Babies Behind Bars And The Mistakes Their Parents Make

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As a proud teen parent, the chances are that you spend most of your time thinking about how you can help your baby prepare for adulthood. Sadly, as the tumultuous teen years get underway, many parents find that things don’t quite go according to plan. 

 

Psychologically, these are years throughout which your teen is going to test the boundaries. Some manage to do so with little more than a few years on the wild side but, for those who get in with the wrong crowd, it isn’t often long until the police get involved.

 

This is distressing for everyone, not least you who are stuck at home having nightmares about what your youngster could be getting up to. And, if you’re unlucky, those nightmares will come true with a call that your teen has been arrested. 

 

Sadly, an astounding 2.1 million youths under the age of eighteen are arrested in the US annually. Still, the majority of parents don’t have a clue what to do if that dreaded phone call comes through, and many of them make mistakes that could harm, rather than help, their teen’s chances of release. To make sure you avoid doing the same, keep reading to find out what you definitely shouldn’t do if the police take your teen into custody.

 

Rushing to the station

 

Your first instinct will be to rush to the station and sit on those police interviews with your baby. But, let’s face it; you’re not a legal expert. While you may assume your defense is the only one your teen needs, that’s far from the truth. Instead, you should seek expert legal defense as found from firms like Wasatch Defense Lawyers before you even think about heading to the station. This way, your teen has a specialist on their side from day one, making it far less likely that their arrest will lead to a conviction.

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Assuming guilt

 

If you’re having difficulty with your teen, you may assume that they’re guilty of whatever crime. Your assumption alone can do significant damage to both their mentality and police outlooks. Instead, remember that teens are arrested for all kinds of misunderstandings, including being in the wrong place. With that in mind, you should always assume the best, and go in there believing that your child is innocent so that everyone else believes it, too. 

 

Letting police stay in the room while you talk

 

Lastly, you’ll want to talk to your teen when you arrive, and you’re well within your rights to do so. Note, though, that this should be a private conversation. If you let the police listen, they may record or otherwise take incriminating notes. Instead, insist on a private audience and get the full story from your teen so you’re in the best position to help. 

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Arrests are any parent’s nightmare but, as the states show, they do happen. The only thing for it is, therefore, to avoid these mistakes, and instead do whatever you can to get them back home safe and sound.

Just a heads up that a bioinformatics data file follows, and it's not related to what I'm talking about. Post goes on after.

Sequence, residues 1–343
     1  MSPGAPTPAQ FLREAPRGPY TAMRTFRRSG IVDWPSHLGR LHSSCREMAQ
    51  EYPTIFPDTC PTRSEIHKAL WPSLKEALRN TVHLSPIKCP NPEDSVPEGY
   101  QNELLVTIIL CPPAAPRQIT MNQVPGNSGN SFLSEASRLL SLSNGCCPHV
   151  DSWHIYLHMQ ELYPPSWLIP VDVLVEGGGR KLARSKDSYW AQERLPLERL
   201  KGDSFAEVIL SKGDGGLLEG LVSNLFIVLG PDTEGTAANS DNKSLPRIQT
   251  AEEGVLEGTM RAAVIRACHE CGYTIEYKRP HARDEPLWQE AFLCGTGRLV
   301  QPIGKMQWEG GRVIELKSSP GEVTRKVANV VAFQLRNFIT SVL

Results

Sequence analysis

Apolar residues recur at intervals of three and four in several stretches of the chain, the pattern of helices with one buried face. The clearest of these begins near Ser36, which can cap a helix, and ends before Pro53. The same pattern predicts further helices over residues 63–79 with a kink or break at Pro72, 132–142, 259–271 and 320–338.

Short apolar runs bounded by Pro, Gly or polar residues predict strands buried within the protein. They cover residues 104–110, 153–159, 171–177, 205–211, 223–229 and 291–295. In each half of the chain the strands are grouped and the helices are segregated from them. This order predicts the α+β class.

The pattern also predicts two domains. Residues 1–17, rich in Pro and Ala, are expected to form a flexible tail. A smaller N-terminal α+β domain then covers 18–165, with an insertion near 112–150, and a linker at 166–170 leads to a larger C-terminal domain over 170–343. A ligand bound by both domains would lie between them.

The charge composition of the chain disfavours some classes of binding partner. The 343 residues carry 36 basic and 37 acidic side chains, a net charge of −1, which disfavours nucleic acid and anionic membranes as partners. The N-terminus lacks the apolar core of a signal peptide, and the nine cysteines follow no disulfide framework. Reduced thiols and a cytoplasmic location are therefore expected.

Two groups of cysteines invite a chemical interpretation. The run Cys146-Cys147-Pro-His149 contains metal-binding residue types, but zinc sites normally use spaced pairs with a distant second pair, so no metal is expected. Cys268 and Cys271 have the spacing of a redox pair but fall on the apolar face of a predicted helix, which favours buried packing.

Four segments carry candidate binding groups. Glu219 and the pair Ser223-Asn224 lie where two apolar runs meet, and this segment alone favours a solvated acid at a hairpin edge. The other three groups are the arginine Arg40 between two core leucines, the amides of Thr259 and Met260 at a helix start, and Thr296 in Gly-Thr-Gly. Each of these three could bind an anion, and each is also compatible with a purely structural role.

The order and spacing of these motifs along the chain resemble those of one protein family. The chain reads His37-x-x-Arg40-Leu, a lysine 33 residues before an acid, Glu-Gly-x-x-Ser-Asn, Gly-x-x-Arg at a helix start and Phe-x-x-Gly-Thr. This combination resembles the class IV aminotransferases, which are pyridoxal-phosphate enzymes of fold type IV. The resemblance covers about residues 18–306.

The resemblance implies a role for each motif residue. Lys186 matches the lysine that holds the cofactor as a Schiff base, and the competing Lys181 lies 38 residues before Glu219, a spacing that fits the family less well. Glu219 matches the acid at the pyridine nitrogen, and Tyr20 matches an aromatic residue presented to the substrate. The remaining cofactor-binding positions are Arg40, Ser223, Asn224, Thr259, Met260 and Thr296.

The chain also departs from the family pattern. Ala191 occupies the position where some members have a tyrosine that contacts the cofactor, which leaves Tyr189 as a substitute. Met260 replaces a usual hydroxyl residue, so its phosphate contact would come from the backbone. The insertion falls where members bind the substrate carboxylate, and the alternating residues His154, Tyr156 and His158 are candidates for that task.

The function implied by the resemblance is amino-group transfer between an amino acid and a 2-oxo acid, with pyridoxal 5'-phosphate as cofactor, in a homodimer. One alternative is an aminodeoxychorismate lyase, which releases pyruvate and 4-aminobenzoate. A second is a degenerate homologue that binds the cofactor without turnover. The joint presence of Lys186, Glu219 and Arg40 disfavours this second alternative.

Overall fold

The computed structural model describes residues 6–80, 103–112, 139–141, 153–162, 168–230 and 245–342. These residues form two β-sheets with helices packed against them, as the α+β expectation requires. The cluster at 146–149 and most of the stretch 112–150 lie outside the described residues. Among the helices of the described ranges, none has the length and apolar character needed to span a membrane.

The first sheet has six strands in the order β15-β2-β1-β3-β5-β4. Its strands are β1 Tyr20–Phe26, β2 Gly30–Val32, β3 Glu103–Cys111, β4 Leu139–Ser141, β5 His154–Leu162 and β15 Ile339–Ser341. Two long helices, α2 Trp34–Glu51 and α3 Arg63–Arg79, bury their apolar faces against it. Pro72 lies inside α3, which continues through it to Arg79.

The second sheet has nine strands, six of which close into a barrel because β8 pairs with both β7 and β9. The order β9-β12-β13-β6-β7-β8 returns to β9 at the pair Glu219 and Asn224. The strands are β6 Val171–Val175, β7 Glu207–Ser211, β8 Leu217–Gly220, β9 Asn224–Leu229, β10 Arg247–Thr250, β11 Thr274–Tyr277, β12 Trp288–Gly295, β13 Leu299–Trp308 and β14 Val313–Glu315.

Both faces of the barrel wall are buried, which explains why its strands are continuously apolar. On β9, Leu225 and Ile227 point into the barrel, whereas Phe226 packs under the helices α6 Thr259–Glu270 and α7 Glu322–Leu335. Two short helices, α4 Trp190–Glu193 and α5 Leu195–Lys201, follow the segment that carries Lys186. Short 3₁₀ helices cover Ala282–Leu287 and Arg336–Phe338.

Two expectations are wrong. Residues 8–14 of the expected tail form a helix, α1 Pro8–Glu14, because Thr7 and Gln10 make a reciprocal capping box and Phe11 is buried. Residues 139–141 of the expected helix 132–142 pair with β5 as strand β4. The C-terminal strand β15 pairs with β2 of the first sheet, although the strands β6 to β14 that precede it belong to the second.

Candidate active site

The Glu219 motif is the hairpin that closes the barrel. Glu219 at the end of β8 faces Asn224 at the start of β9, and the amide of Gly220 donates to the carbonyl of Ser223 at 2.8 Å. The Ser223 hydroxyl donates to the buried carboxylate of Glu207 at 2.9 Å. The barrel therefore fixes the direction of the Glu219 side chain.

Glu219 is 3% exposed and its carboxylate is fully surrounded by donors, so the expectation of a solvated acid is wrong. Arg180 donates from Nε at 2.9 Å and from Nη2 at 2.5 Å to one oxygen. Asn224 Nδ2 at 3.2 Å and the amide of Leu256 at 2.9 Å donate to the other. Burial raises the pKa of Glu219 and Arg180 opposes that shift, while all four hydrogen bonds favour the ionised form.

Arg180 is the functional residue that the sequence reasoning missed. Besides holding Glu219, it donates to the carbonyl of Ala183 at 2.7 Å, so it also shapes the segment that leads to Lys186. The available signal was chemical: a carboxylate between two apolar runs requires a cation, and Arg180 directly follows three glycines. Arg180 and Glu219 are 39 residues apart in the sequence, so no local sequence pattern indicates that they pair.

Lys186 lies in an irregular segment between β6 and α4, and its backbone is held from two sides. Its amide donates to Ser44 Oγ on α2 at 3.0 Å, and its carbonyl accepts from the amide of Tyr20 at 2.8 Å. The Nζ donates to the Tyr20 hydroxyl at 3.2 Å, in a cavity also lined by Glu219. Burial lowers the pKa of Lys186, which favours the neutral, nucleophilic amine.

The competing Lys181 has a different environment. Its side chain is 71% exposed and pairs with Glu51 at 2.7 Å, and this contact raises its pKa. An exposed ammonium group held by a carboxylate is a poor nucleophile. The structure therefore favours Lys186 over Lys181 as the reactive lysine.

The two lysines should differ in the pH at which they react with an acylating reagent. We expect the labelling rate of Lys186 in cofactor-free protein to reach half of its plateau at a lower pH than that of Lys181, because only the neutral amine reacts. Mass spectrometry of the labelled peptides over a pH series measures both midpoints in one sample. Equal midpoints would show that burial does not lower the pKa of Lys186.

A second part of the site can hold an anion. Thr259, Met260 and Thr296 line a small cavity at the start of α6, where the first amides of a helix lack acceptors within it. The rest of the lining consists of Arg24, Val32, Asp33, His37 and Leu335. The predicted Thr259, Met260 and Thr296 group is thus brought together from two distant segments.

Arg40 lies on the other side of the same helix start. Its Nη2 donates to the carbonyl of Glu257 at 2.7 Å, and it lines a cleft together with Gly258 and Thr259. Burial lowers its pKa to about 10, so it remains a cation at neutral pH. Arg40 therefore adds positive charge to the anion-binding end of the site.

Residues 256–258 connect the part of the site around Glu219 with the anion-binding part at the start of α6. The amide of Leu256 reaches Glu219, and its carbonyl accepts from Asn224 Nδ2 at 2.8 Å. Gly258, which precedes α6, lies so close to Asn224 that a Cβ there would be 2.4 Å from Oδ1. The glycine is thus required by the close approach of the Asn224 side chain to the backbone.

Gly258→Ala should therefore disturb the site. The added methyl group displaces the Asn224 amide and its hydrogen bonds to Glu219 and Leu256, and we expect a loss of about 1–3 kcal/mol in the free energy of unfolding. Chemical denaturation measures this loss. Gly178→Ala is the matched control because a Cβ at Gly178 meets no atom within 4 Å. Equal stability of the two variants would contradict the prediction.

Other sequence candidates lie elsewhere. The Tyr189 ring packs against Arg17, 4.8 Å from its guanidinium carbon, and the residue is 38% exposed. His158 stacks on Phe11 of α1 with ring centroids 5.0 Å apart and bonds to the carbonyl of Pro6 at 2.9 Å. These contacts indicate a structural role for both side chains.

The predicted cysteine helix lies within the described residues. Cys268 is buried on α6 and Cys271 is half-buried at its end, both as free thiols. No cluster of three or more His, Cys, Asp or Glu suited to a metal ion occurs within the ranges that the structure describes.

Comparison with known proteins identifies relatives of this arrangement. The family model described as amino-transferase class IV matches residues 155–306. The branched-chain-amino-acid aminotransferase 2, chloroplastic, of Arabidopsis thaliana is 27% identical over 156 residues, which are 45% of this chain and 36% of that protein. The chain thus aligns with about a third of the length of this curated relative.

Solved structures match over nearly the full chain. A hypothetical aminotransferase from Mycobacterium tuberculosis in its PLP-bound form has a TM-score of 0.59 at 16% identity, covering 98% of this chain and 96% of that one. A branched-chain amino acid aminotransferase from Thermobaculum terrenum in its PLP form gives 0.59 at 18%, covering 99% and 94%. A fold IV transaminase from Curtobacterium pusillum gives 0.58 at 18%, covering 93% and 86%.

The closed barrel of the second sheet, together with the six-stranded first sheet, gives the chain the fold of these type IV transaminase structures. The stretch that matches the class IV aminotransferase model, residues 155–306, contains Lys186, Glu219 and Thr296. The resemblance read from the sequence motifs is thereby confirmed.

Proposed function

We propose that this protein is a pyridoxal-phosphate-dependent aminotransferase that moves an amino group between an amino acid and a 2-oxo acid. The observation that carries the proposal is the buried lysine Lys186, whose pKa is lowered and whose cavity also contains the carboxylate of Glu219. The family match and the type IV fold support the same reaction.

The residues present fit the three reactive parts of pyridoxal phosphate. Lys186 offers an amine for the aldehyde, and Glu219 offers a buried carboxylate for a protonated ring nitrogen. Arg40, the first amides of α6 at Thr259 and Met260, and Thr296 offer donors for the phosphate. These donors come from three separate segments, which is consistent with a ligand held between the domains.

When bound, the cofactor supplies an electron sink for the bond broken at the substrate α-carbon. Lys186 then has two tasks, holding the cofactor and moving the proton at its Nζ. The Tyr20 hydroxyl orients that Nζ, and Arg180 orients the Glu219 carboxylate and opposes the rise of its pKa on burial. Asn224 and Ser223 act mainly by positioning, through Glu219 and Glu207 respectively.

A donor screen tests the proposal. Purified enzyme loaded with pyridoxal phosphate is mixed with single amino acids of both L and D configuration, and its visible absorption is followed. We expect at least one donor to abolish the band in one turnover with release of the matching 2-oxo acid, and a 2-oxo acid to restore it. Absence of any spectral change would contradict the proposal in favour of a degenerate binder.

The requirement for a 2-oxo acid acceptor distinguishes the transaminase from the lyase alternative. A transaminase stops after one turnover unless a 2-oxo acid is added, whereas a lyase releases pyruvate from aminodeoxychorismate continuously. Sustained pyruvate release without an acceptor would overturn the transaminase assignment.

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Self-Forgiveness: It’s Possible To Embrace Your Past

If you are currently living a life that is overshadowed by pain and regret, now is the time to let it go and start to move forward into a future of happiness and excitement. No one is perfect, and on the journey of life, we spend time learning right from wrong. The thing is, sometimes, we choose wrong despite knowing which path is the better one. We all do it at least once, and while some of us make mistakes that cannot be forgotten or erased, the majority of us are good people who simply make a wrong decision.

 

It’s normal to feel regret for past mistakes. Everyone does at least once in life, and those mistakes can follow us around like a bad smell. The good news it that with forgiveness comes a new path to move onto – one where you can move on from the things that hang over your head and into a life where you can feel at ease. It becomes unhealthy to dwell after some time, especially when you can actively look into “removing” a mistake. For example, you can’t take back an affair where people are hurt, but you can look at a Canadian Pardon if you have a criminal record for teenage stupidity and believe that it shouldn’t stop you from living the rest of your life. It’s unhealthy to dwell on those mistakes, and you CAN move past them and start living a life where you have forgiven yourself. 

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When you give yourself the chance to move forward, you can live a happier life without the burden of guilt and regret. Those emotions have their place, but when it comes to letting go, you have to step forward and know you worked through them. Here are a few reasons why:

 

Your Past Mattered – But It’s The Past

You may have hurt someone, you may be swimming in guilt for the previous choices that you made, but your past is the past. It’s gone, and nothing is going to change it. Living in it helps no one, and you have to appreciate everything that happened, what you learned from it and how you moved forward. You are stronger and wiser now: when you know better, you do better.

 

You Can’t Change It

Hakuna Matata, right? You cannot change the things that have happened and you can’t turn back time to do it again. Instead, you have to make your peace with it all and move forward. Beating yourself up over it does not change a thing. Instead, own what you did wrong and keep trucking on. Forgiving yourself doesn’t mean that you believe what you did was right; it just means that you’re going to let go now.

 

You are a human being; making mistakes is what we do. However, you don’t have to live in it. Don’t ever forget what you did, but let it shape who you are right now and let it be what you need to propel you into a future where you do better next time.

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